Over twenty years after the Agricultural Tenancies Act 1995 ('1995 Act') came into force and with it Farm Business Tenancies, many people are unclear as to the minimum notice period required under the Act to bring a Farm Business Tenancy ('FBT') to an end and the length of time for which an FBT must be granted before it can be terminated only by a minimum of 12 months notice, expiring either on a term date or on another date specified in a break clause.
An FBT granted for any period of up to 2 years will be a fixed term tenancy terminable on the term date or on whatever other terms the parties agree. There is no minimum length of notice required in order to validly exercise a break clause contained in a tenancy of 2 years or less. A break clause can therefore be incorporated which provides for short notice to be given of, say, 3 months at any time during the term or, if the parties wish to be more specific, following the grant of a planning consent or on the death of a tenant. Notice to be given by a tenant would be subject to the same considerations.
Upon the 2 year fixed term coming to an end, the FBT will expire by effluxion of time. No security is given to the tenant.
However, as soon as a tenancy is granted for a period of 2 years or more, although the tenant will still have no security once the tenancy is terminated, either the landlord or the tenant will have to serve a minimum of 12 months written notice on the other party in order to bring the tenancy to an end at the end of the fixed term tenancy. Failure to comply strictly with these requirements will mean the notice is invalid and the tenancy will continue.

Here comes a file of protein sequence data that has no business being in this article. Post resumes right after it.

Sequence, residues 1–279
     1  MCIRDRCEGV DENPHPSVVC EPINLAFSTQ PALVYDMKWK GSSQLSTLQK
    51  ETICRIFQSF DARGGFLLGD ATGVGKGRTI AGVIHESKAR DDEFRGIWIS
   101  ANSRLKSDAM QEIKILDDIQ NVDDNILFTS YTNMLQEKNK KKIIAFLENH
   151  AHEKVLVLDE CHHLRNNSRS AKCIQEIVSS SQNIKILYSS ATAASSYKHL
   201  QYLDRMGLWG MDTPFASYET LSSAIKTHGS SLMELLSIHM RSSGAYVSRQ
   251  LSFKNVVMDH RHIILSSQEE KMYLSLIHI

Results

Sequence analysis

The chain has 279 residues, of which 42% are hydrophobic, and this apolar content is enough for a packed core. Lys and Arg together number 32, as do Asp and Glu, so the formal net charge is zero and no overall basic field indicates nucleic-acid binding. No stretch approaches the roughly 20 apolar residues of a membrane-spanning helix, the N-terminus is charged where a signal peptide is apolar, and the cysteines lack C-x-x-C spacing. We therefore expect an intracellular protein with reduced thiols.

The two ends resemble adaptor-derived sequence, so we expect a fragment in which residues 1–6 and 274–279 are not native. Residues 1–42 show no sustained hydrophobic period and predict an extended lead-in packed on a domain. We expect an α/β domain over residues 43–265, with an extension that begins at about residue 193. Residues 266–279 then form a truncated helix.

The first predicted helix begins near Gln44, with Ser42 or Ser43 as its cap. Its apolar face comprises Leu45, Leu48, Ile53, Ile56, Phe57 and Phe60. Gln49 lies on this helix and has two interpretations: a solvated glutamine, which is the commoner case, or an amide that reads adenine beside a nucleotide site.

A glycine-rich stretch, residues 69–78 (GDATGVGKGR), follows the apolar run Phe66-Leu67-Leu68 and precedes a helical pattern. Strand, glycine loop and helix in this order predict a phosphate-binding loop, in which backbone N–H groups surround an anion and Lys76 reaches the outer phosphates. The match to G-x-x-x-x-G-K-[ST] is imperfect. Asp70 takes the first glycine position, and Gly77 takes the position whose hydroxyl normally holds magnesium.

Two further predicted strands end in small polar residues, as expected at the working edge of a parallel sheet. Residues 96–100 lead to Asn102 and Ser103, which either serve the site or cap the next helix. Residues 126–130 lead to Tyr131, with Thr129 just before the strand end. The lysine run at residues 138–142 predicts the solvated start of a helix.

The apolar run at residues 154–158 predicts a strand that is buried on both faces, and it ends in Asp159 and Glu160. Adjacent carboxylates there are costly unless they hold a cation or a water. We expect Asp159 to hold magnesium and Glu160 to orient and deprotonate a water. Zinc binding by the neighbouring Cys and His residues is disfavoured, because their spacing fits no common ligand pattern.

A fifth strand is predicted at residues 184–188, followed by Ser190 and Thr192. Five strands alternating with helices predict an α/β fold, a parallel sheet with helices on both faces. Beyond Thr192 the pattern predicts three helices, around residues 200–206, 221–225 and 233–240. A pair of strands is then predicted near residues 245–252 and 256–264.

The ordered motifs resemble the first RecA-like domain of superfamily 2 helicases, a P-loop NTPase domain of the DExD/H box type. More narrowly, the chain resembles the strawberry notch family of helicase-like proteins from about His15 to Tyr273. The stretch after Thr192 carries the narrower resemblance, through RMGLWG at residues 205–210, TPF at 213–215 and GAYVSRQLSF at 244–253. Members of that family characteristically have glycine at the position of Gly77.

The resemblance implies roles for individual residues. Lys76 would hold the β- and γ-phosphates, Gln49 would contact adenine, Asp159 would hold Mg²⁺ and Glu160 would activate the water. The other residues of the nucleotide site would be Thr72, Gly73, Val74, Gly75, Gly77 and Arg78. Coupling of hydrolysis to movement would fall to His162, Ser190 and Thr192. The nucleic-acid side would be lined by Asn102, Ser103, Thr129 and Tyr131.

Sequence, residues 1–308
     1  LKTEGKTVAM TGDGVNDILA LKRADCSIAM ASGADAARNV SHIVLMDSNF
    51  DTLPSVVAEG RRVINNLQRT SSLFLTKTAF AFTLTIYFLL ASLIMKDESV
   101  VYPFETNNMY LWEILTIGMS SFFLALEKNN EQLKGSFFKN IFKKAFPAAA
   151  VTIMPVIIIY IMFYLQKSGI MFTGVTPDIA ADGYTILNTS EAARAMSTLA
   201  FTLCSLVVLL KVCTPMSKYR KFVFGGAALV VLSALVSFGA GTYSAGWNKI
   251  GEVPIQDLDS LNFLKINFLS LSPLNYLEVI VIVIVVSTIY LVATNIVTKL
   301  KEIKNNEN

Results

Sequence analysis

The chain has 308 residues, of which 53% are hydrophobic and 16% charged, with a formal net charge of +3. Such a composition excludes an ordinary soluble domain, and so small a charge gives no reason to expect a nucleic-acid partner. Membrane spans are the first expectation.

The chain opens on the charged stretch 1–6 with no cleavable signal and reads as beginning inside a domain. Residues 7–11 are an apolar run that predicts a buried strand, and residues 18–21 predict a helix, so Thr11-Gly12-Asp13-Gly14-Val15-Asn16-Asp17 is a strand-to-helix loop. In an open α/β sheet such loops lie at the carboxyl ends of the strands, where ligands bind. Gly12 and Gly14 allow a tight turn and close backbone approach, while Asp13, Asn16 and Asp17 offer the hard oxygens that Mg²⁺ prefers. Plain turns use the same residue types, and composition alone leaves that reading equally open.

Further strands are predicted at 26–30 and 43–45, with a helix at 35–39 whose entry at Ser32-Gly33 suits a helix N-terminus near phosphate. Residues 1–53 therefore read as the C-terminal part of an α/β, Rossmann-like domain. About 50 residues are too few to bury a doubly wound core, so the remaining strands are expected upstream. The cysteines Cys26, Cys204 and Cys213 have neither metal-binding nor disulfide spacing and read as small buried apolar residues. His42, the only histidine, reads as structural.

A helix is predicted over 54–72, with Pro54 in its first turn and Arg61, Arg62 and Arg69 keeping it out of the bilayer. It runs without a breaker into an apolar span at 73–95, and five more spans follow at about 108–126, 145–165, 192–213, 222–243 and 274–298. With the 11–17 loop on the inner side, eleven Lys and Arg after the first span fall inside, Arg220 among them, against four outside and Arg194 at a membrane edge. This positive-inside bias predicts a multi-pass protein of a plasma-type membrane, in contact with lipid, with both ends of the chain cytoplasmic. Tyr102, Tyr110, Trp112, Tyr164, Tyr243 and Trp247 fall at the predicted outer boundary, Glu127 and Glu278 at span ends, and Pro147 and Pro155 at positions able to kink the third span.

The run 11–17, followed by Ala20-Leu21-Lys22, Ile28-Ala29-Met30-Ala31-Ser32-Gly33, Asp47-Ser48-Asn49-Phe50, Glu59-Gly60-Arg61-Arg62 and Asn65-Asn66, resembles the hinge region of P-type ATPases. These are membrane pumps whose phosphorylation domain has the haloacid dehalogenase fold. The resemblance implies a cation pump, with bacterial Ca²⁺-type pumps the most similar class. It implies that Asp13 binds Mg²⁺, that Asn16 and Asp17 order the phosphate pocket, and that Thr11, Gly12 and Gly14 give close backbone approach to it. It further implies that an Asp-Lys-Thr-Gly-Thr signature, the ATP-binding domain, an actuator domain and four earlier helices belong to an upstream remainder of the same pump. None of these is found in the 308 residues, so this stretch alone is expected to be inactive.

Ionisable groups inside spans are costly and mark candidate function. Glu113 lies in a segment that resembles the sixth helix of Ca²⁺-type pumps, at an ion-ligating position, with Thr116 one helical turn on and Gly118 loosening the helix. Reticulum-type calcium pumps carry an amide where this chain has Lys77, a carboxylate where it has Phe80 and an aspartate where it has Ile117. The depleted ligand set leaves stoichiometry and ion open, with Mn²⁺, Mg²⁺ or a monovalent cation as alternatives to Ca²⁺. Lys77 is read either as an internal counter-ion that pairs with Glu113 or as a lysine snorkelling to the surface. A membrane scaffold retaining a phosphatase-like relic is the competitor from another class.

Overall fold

Where the FBT contains a break clause allowing notice to be served, for example, after the death of the tenant or following the grant of planning consent, the notice can be given once the relevant event has taken place. As long as at least 12 months written notice is given, and any pre-conditions have been complied with, the tenancy will end on the date of expiry of the notice.
Where the FBT does not contain a break clause however, it can only be terminated at the end of or after the expiry of the fixed term by at least 12 months notice expiring on the term date or on an anniversary of the term date as applicable. This means that in some cases it could be nearly 2 years before the landlord can obtain vacant possession of its land and that will depend on when the fixed term is due to expire. Thus a landowner, obtaining planning consent in October 2016 for development of land let under a fixed term FBT of 5 years which commenced on 29 September 2013 and which did not contain a break clause, would not be able to terminate the FBT until 28 September 2018 even if 12 months notice was served in the period between October 2016 and early September 2017.
In a development scenario where most planning consents have to be implemented within 3 years from the date of grant, this timescale can lead to difficulties for the landowner.
Whilst there is nothing in the 1995 Act to prevent parties agreeing a surrender of an FBT, in order to retain flexibility a landlord is well advised either to grant short term FBTs of 2 years or less or to include one or more break clauses exercisable on 12 months written notice where a fixed term FBT is granted for a period of longer than 2 years.
This article was originally published in the December 2016 issue of Anglia Farmer.